Serving the San Francisco Bay Area New Music Community

                 

Berkeley Art Museum and Pacific Film Archive

2155 Center St.
Berkeley CA   
The UC Berkeley Art Museum and Pacific Film Archive is the visual arts center of the University of California, Berkeley, the nation’s leading public research university. Our mission is to inspire the imagination and ignite critical dialogue through art and film, engaging audiences from the UC Berkeley campus, the Bay Area, and beyond. Each year BAMPFA presents more than twenty art exhibitions, 450 film programs, and dozens of performances, as well as lectures, symposia, and tours. Learn more about our history.

Collections
The Berkeley Art Museum and Pacific Film Archive’s comprehensive collection—more than 19,000 works of art and 17,500 films and videos—is characterized by artistic excellence and innovation, intellectual exploration, and social commentary. Representing a tremendous diversity of global cultures and historical periods, the collection has particular strengths in Ming and Qing dynasty Chinese painting, Mughal dynasty Indian miniature painting, Baroque painting, old master prints and drawings, early American painting, nineteenth- and early-twentieth-century photography, Conceptual art, and international contemporary art, classic and international cinema, West Coast avant-garde film, international animation, Soviet cinema, early video art, and the largest collection of Japanese films outside of Japan. BAMPFA’s Modern collection is built around a remarkable core holding of fifty paintings by the Abstract Expressionist painter and teacher Hans Hofmann and includes significant works by Mark Rothko, Helen Frankenthaler, Ad Reinhardt, Jackson Pollock, David Smith, and Clyfford Still.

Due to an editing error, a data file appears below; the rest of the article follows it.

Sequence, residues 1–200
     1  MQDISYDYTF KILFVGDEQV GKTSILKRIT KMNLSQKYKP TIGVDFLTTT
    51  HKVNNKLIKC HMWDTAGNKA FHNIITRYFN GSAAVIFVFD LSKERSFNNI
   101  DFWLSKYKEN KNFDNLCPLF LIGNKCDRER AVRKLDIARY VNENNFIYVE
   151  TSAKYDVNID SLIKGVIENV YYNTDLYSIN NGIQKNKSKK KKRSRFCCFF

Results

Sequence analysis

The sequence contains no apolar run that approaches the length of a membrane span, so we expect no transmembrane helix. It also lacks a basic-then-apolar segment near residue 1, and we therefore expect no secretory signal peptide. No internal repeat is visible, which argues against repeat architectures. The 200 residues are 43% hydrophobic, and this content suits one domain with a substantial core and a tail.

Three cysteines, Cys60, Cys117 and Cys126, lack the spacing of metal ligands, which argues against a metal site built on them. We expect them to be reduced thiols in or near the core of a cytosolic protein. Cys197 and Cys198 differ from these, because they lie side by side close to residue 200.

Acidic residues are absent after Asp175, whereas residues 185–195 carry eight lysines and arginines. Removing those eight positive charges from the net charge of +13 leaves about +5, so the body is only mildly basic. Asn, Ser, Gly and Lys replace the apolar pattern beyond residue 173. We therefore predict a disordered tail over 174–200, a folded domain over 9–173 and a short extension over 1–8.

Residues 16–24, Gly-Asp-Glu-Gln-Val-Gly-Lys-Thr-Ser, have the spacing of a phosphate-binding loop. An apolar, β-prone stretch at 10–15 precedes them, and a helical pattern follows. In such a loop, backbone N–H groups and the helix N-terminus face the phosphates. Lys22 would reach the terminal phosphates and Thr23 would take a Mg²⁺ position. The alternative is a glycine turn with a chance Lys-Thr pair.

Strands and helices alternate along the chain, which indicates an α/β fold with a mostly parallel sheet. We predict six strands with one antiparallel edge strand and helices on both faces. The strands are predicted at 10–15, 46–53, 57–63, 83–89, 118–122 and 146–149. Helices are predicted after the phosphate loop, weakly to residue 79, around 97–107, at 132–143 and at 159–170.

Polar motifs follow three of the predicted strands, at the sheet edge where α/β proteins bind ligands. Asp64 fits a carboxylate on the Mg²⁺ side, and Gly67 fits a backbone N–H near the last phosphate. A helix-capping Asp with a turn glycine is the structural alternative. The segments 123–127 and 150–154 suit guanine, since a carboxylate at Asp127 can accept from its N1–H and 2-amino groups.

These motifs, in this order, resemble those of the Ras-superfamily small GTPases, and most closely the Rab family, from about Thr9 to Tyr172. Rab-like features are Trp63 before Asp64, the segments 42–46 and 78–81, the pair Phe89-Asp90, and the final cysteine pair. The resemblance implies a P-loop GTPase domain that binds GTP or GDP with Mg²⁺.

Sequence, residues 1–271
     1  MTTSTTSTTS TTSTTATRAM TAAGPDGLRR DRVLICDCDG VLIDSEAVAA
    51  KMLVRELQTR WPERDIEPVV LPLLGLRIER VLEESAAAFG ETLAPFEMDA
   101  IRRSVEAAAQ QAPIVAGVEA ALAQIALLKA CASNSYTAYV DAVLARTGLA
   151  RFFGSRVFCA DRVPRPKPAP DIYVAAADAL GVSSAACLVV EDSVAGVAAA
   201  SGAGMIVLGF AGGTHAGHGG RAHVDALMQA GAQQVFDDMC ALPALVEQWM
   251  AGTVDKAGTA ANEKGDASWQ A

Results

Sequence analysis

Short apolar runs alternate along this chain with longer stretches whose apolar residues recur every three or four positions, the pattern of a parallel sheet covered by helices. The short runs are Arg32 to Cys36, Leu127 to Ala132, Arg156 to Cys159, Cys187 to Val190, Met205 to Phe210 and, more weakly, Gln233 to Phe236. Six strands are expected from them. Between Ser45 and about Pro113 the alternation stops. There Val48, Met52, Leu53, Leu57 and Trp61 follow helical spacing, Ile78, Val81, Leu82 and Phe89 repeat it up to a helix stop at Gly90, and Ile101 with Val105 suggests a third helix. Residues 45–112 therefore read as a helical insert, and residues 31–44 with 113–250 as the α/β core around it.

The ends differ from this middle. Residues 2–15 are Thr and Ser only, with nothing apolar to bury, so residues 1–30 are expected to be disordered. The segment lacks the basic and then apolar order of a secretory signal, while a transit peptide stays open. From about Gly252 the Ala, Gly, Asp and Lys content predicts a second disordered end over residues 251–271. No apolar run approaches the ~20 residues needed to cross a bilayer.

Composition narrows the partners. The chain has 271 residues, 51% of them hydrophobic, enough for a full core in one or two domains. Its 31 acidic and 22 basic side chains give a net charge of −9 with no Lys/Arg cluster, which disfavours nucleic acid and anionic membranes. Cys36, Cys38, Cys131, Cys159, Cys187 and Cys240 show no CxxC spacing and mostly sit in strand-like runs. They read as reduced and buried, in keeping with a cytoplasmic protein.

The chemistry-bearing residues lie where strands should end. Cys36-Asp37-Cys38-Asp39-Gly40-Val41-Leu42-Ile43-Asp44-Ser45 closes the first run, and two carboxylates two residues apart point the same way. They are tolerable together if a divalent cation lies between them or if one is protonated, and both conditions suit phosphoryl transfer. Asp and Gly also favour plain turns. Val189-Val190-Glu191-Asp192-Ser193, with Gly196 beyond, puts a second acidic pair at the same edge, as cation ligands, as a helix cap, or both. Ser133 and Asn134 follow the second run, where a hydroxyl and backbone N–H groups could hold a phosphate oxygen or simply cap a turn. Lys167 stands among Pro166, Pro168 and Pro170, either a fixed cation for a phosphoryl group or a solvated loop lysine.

Exhibitions
BAMPFA offers one of the most distinguished and provocative programs of art and film exhibitions in North America, reflecting the diverse interests of the University and Bay Area communities. Each year, we present and important temporary exhibitions that range from classical Asian art to challenging work by today’s artists.